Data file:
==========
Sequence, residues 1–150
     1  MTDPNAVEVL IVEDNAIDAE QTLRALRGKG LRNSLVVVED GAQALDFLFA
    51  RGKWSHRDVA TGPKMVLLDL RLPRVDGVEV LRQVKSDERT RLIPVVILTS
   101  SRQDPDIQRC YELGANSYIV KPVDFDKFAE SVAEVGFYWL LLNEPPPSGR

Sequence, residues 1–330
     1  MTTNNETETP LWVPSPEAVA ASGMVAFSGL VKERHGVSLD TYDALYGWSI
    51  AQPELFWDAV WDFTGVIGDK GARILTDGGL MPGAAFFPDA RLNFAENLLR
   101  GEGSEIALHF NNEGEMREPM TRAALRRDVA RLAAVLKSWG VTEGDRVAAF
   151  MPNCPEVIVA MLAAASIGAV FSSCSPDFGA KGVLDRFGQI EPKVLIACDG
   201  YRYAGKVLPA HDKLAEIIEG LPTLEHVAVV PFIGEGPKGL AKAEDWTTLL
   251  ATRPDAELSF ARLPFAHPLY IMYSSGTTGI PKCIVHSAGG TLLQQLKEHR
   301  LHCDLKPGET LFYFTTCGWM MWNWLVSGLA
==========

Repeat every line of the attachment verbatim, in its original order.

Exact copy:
Sequence, residues 1–150
     1  MTDPNAVEVL IVEDNAIDAE QTLRALRGKG LRNSLVVVED GAQALDFLFA
    51  RGKWSHRDVA TGPKMVLLDL RLPRVDGVEV LRQVKSDERT RLIPVVILTS
   101  SRQDPDIQRC YELGANSYIV KPVDFDKFAE SVAEVGFYWL LLNEPPPSGR

Sequence, residues 1–330
     1  MTTNNETETP LWVPSPEAVA ASGMVAFSGL VKERHGVSLD TYDALYGWSI
    51  AQPELFWDAV WDFTGVIGDK GARILTDGGL MPGAAFFPDA RLNFAENLLR
   101  GEGSEIALHF NNEGEMREPM TRAALRRDVA RLAAVLKSWG VTEGDRVAAF
   151  MPNCPEVIVA MLAAASIGAV FSSCSPDFGA KGVLDRFGQI EPKVLIACDG
   201  YRYAGKVLPA HDKLAEIIEG LPTLEHVAVV PFIGEGPKGL AKAEDWTTLL
   251  ATRPDAELSF ARLPFAHPLY IMYSSGTTGI PKCIVHSAGG TLLQQLKEHR
   301  LHCDLKPGET LFYFTTCGWM MWNWLVSGLA